Storyboards versus XIBs versus custom code.
One of the most passionate topics among iOS developers is "How to create the application user interface?" We have two different groups: the first are those who love creating a GUI in the Interface Builder, and then those who hate it and prefer doing it through code. I read a lot of posts, and tried different things, and my conclusion is that there is no silver bullet, because each of the approaches has its own pros and cons. The goal of this article is to help you make the best choice for your project.
There are generally three ways to create a user interface in iOS:
- Storyboards - this is a visual tool for laying out multiple application views and the transitions between them (segues).
XIBs (or NIBs) - each XIB file corresponds to a single view element and can be laid out in the Interface Builder, making it a visual tool as well. Just note that the name "XIB" is derived from the file extension (previously
- Custom code - no GUI tools are used, but rather, all custom positioning, animation, creation, etc. is handled programmatically.
I will not describe them here in detail since there are plenty of good online guides about this. Rather, I want to focus on the pros and cons of these approaches, and elaborate on when it is appropriate to use each of them.
Storyboards are the latest addition to the iOS UI toolkit. They are announced as a revolution, and replacement for XIBs and custom code UIs. And storyboards are definitely a useful tool - but not so much a replacement, as much as they are a complement for XIBs and custom code. They are the right choice in some, but not all situations.
When I started to develop apps, I thought that storyboards are the only way to create a UI. And I like them a lot, because I could see the whole design, easily change it etc. But as an application grows, the storyboard becomes massive, slow and unreadable. And this is a fundamental mistake. Because the storyboard loses its purpose and ends up looking like this:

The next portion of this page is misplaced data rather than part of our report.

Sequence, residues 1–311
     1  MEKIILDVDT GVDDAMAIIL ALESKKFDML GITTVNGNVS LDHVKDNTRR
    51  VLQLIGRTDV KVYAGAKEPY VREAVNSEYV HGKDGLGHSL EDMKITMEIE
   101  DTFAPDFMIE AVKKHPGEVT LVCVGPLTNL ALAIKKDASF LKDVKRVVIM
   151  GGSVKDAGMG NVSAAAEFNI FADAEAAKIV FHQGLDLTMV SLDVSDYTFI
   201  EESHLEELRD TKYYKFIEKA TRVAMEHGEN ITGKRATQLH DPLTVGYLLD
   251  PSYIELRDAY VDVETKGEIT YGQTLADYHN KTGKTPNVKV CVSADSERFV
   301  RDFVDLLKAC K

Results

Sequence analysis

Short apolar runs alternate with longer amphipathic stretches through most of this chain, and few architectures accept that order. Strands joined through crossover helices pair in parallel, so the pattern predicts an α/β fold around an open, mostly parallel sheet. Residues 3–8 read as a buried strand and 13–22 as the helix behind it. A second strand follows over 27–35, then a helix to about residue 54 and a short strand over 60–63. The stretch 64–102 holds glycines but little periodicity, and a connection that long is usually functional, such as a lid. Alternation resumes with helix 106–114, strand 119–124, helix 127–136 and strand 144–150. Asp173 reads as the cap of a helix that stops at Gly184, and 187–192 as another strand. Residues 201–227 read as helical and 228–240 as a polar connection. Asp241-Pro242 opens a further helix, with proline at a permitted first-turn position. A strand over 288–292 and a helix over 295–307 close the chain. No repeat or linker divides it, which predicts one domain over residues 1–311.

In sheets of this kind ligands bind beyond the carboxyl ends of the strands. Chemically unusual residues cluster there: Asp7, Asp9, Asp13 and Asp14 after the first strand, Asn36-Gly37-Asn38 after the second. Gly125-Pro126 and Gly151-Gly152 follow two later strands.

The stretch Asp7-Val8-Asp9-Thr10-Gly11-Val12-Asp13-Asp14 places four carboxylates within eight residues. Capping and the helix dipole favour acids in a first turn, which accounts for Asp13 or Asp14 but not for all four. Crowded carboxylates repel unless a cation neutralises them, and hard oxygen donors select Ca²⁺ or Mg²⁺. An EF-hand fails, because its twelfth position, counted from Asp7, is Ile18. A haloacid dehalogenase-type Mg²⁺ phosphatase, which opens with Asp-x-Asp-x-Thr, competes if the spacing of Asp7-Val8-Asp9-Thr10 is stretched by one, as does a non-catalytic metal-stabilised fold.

Applications should be divided according to logical units (stories) and each of them should have their own storyboard. As its name implies, it is a board with a story to tell. It shouldn't be used to mix unrelated stories into one big volume. For example, a list of players and related functionality (adding, rating, etc.) can be one example of logical unit. Then you can see the benefit of using storyboards:
When to use storyboards?
When you want to see some flow without building the app, a storyboard is the best option. Also if you create static table views or more then one cell template, you can use a storyboard. Finally, they can help when you want to reduce the amount of code, because you don't need to write the code for allocation and initialisation, as views are automatically allocated.
The main advantage of using a storyboard is its visualization. Anyone who takes a look at it can see the relationship that the screens have with each other and what the application flow is. Another advantage is rapid prototyping, because you can mock up the design, navigation flow and transitions of an application without writing much code.
Additionally, it's much easier to use auto layout if you create your UI using storyboards or NIBs.
This might lead you to believe that a storyboard is the perfect solution - however, there are also downsides to this approach.
The first disadvantage is reusability. Storyboards are very limited when you need to copy or move code, especially graphic elements, because you need to move all of its dependencies. Also, if you work with other developers on the same project, you will run into issues, because everyone's modifying the same file (leading to merge conflicts). A storyboard file is specific and resolving conflicts can be very painful. Since the actual interface "code" generated by the Interface Builder is non-readable XML (some would argue that this is a pleonasm, but bear with me), it can be nearly impossible to fix even the smallest merge conflict in a massive storyboard file. This could lead to massive amounts of work being lost or corrupted - which is not very cool.
Sometimes data needs to be passed between view controllers, and because we use segues for transitions, we will end up with the giant
prepareForSegue() method with many if/else statements. Storyboards take care of handling the flow between view controllers, but not the flow of data.
Some people have also experienced bugs in Xcode with the usage of storyboards - eg. having to frequently flush the
DerivedData folder because of inconsistencies.